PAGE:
Yang: Carli Lloyd was wrong in her criticism of the USWNT – this is why

There is a refrain that I have been using in this tournament: teams are icebergs. We get maybe 10%, if that, from observing them. The other 90% is a mystery; not known to us, nor meant for us. And so it’s frustrating that yet again, a thread of criticism has started to unravel around the U.S. women’s national team, essentially, being too happy.

After the U.S. held on to a scoreless draw to squeak past Portugal and into the round of 16 as the second-place team in the group — a position they hadn’t been in since 2011 — FOX Sports cameras cut to players dancing, smiling and taking pictures with fans. In the postgame coverage Carli Lloyd, a two-time World Cup winner herself, was quick to criticize the players.

“I’m just seeing these images for the first time right now, at the desk,” Lloyd said. “I have never witnessed something like that. There’s a difference between being respectful of the fans and saying hello to your family, but to be dancing? To be smiling? … You’re lucky to not be going home right now.”


Carli Lloyd’s USWNT criticism a natural extension of her public persona

The public and social media debate was instant and vociferous. On Thursday in Tāmaki Makaurau Auckland, USWNT captain Lindsey Horan addressed what she called “noise.”

“For me, I always want to defend my team and say like, ‘You have no idea what’s going on behind the scenes, you have no idea every single training, what we’re doing individually, collectively, etcetera,’” Horan said. “So for anyone to question our mentality hurts a little bit, but at the end of the day, it doesn’t really matter. I don’t really care. It’s (about) what’s going on inside of here.”

There are two primary assumptions going on with the outside commentary. First, that the players actually are happy. One would certainly hope they are — they’re at a World Cup, the pinnacle of any soccer player’s career. And second, that there’s something wrong with being happy even if everything isn’t exactly going to plan.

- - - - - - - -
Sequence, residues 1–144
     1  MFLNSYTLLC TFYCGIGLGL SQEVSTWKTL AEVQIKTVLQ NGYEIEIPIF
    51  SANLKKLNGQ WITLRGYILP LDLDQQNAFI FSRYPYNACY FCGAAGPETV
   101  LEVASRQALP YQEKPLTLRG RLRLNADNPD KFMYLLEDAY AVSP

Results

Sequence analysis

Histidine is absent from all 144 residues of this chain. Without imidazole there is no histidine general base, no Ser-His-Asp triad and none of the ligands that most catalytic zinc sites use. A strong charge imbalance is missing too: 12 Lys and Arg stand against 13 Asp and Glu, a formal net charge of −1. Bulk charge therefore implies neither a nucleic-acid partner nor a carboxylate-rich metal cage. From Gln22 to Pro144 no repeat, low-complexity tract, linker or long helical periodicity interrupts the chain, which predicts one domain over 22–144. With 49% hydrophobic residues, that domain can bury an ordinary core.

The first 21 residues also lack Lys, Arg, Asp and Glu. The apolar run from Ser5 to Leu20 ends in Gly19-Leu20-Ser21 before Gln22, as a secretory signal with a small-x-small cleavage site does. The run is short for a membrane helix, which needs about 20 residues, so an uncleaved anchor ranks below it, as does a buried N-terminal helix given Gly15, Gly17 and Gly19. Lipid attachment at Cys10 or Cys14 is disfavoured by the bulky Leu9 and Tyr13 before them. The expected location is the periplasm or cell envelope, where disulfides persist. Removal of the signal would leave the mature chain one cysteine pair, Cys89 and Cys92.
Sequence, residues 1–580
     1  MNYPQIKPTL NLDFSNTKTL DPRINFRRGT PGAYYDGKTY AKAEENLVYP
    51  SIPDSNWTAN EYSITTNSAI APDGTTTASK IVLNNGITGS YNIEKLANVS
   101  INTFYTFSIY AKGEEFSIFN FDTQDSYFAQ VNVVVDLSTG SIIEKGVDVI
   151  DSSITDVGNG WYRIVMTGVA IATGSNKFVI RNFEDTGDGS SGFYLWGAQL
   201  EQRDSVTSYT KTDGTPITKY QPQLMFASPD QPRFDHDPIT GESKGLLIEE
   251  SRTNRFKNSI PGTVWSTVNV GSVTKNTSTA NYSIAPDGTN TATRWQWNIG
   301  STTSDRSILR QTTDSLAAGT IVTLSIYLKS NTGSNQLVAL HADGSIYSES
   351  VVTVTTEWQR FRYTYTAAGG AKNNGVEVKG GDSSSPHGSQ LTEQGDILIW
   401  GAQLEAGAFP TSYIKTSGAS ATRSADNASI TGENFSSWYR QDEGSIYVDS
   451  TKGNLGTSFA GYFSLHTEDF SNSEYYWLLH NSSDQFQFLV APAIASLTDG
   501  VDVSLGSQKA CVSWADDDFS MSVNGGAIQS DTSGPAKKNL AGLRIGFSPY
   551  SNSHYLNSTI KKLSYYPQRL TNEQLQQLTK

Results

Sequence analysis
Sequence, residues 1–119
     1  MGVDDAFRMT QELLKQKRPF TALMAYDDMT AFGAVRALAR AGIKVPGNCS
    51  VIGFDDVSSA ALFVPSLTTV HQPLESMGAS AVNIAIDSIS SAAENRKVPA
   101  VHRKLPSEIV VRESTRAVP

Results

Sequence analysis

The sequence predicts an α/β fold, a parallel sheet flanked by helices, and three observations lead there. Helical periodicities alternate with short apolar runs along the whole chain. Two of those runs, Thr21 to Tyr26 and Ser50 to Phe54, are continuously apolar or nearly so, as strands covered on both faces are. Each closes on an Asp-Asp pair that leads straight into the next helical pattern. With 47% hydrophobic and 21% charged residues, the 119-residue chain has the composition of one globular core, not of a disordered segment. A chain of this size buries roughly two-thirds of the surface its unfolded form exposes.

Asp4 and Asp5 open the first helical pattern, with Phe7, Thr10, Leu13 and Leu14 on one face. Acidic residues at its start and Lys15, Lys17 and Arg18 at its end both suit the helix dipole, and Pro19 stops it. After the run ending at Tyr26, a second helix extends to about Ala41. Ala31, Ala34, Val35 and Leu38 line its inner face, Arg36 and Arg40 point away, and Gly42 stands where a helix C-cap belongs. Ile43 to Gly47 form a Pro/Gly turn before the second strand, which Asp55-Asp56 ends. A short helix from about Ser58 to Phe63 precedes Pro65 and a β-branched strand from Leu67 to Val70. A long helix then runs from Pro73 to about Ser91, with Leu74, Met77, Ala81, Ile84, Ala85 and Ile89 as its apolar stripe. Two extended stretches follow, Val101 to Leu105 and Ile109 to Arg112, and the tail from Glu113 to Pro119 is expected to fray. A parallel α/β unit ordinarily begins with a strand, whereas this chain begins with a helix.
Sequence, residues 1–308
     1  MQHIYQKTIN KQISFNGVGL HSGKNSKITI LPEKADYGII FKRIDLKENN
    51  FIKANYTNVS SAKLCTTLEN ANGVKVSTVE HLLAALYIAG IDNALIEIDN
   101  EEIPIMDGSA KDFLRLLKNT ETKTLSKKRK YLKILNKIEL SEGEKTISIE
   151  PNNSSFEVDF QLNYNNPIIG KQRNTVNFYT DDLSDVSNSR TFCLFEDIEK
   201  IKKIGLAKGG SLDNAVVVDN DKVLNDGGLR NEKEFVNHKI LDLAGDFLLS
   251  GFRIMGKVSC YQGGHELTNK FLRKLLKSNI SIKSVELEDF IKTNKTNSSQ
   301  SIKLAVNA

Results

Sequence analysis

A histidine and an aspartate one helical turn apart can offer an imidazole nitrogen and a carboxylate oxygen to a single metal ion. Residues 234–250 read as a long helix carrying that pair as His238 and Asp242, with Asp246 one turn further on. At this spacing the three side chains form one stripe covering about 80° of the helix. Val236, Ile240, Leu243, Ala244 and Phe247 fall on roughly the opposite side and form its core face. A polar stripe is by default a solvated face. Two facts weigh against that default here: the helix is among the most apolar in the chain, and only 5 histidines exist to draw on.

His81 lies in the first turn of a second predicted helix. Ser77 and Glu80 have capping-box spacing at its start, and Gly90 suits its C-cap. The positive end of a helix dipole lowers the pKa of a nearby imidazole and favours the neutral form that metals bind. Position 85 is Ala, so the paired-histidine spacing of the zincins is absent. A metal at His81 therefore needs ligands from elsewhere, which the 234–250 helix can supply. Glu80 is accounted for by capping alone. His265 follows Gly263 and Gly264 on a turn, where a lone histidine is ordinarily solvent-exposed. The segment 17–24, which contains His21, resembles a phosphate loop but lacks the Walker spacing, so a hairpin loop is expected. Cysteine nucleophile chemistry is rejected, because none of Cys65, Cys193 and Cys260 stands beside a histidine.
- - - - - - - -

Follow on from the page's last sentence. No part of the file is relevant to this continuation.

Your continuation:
This is not a new phenomenon; finding something to dislike about the way players are handling a tournament is an old refrain for this team. We’ve gone from worrying that they’re celebrating too much during their 13-0 win over Thailand in 2019 to asking why the players are smiling and dancing and implying they’re being too soft with each other’s feelings, that there isn’t enough grim Trunchbullian motivation in that camp. Don’t the players know how close they came to elimination?

Every single U.S. player who went through the mixed zone after their 0-0 draw against Portugal was clearly aware of the situation.

“We know that we can be better,” said Crystal Dunn. “It’s not like everyone’s sitting there like, ‘Wow, that was the most amazing performance put together.”

“We need to play better and we know that,” said Megan Rapinoe.

Alex Morgan, team co-captain, missed multiple shots late in the game and was quick to say she needed to do better.

“We expect so much of ourselves,” Morgan said. “We hold the high standard and we wanted to go through first in the group, but this World Cup is crazy. Every World Cup is crazy, but this one especially.”

Defender Kelley O’Hara, who came on in the last minute of second-half stoppage time, perhaps summed up her feelings on the issue best with a long, aggravated sigh when asked what she thought the team needed to do to spark a better performance in knockouts.

“Just have to do a couple of Kumbayas and we’ll be good,” she said sarcastically, possibly referencing a remark from Fox Soccer’s commentary team about the U.S. singing “Kumbaya” while being a team that is struggling and not going into the round of 16 with confidence.

The players might talk about being in a bubble, walled off from things like pundits and social media, but they know. They’re not unaware that they are at the most high-profile event of their profession or that they didn’t score on Portugal or that it’s now the number one talking point about the team.

“It is kind of frustrating for me to hear, especially knowing this team and how much we put into every single game,” Horan said. “How much preparation we put into every single game. Seeing our training, seeing how hard we work. In this game you can’t question that we didn’t want to win the game. You can’t question we weren’t working as hard as we possibly could. We know we could have done better.”